Mississippi Gov. Tate Reeves announced during a news conference on Thursday that clean water had been restored to Jackson, and the boil water advisory for the city and surrounding areas was lifted.
The capital city of Mississippi was without clean water for more than seven weeks, leaving about 180,000 residents without drinking water or enough water to even flush toilets.
Jackson had been under a boil water notice for weeks, but late August flooding and torrential rain made issues at the water treatment facility worse with low water pressure and inadequate treatment to clean the water.
On Tuesday, the Mississippi State Department of Health began officially conducting tests on the water quality. They collected 120 samples over two days, and the results of those tests allowed for lifting the boil-water advisory, according to the governor's office.
"Since the state of Mississippi stepped in to fix Jackson’s water system, we’ve significantly increased the quantity of water produced, restored water pressure to the city, installed an emergency rental pump, fixed and reinstalled broken parts on-site, and monitored and tested water quality," Reeves said. "We can now announce that we have restored clean water to the city of Jackson."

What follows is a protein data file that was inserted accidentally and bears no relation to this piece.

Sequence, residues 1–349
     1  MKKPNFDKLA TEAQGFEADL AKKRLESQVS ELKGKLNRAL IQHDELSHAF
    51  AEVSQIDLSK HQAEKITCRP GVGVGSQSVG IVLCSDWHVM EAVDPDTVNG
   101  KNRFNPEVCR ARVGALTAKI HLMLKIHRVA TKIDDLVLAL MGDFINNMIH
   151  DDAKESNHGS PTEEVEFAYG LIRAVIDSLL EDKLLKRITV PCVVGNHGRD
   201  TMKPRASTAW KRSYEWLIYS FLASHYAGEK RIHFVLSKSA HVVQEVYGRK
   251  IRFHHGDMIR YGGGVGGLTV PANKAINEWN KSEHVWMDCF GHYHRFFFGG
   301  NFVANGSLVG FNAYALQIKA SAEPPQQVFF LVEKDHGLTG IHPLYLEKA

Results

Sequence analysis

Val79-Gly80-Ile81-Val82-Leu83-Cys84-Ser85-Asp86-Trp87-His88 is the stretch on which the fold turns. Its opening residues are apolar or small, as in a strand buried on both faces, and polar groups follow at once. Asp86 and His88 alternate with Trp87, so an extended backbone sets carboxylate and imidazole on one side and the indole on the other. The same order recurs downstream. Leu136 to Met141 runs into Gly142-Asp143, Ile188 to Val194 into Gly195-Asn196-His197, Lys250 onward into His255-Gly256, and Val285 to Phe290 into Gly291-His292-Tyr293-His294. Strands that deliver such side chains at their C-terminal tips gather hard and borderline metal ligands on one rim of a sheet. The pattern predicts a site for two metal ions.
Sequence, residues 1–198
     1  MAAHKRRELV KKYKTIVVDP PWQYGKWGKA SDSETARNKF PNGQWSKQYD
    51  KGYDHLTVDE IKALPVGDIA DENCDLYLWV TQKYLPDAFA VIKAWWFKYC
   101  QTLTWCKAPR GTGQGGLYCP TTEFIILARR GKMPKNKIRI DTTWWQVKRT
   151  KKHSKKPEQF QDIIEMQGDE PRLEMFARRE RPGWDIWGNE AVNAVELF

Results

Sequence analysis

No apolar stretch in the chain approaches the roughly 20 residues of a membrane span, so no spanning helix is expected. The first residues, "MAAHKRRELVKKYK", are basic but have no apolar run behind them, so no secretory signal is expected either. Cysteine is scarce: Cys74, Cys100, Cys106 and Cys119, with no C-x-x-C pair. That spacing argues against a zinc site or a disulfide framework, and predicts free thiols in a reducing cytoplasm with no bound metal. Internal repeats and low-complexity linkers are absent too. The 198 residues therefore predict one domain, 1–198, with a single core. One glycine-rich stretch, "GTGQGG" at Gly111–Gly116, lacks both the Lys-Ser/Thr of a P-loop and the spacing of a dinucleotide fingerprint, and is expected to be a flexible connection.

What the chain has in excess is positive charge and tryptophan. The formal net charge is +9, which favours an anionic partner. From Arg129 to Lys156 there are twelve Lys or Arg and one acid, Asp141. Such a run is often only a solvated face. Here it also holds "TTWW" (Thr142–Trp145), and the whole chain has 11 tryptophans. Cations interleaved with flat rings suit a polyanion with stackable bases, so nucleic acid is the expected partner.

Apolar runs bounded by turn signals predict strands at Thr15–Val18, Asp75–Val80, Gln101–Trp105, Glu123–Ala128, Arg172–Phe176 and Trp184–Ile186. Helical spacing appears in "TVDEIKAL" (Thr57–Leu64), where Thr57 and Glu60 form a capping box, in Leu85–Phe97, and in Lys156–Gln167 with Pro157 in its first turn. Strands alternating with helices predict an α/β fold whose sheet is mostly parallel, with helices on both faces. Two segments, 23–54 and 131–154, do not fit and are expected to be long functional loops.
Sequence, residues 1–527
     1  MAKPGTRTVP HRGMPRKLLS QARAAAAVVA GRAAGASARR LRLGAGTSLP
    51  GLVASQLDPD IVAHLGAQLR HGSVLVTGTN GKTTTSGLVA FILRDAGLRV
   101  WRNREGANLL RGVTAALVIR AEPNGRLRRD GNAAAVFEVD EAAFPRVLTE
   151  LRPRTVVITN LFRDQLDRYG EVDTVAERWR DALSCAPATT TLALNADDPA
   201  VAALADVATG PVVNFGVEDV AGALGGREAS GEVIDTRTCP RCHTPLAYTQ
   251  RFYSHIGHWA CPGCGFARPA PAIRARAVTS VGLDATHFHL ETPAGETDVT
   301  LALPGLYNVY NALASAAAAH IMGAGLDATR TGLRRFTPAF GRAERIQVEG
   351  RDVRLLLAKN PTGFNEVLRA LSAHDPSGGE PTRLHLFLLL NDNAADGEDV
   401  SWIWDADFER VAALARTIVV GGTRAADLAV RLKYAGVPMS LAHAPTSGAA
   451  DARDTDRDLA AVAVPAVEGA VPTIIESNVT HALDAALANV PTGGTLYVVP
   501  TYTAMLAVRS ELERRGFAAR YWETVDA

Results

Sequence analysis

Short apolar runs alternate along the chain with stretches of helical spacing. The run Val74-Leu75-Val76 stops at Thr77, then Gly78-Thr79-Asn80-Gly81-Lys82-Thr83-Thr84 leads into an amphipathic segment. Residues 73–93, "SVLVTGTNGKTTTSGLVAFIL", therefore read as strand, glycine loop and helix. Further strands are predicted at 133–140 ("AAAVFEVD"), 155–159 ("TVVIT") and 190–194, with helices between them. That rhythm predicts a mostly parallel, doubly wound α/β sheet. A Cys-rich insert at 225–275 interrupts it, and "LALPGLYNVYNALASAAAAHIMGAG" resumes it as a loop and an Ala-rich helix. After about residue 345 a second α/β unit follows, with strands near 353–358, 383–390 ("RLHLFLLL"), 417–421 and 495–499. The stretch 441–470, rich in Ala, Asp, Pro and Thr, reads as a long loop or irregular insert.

After the boil-water advisory was lifted on Thursday, a Jackson resident shared the video below of murky water flowing from a sink tap.
Days of heavy rainfall over the Jackson area in late August caused the Pearl River to flood, causing the pumps to fail at Jackson’s O.B. Curtis Water Treatment Plant, shutting off the already vulnerable water supply to the community.
The National Weather Service's Jackson office reports the Pearl River crested at more than 35 feet on Aug. 29, surpassing the 28-foot flood stage, after some areas along the river recorded more than 10 inches of rain.
On Aug. 30, Reeves and the state Department of Health issued a state of emergency due to the water crisis, which the state attributed to "failures of Jackson’s O.B. Curtis Water Treatment Plant."
The Mississippi National Guard was activated to assist in Jackson and surrounding areas, distributing nearly 11 million bottles of water.
The Jackson water crisis remains under investigation by the Environmental Protection Agency's inspector general office. In 2014, the same office investigated the Flint, Michigan water crisis, which led to federal charges.
The video below of coffee-colored water was taken on Sept. 9 by Mississippi Today reporter Molly Minta, who lives in Jackson.
Environmental news organization Greenwire reported Jackson's water system has been under EPA scrutiny for years.
Jackson Mayor Chokwe Antar Lumumba said he's been asking for funding for the city's crumbling water infrastructure for over two years.
"I’ve been lifting this challenge – not only locally but nationally – saying that it's not a matter of if our systems will fail, but when our system will fail," he said.
The governor said Jackson's water system would continue to be monitored with regular water quality testing.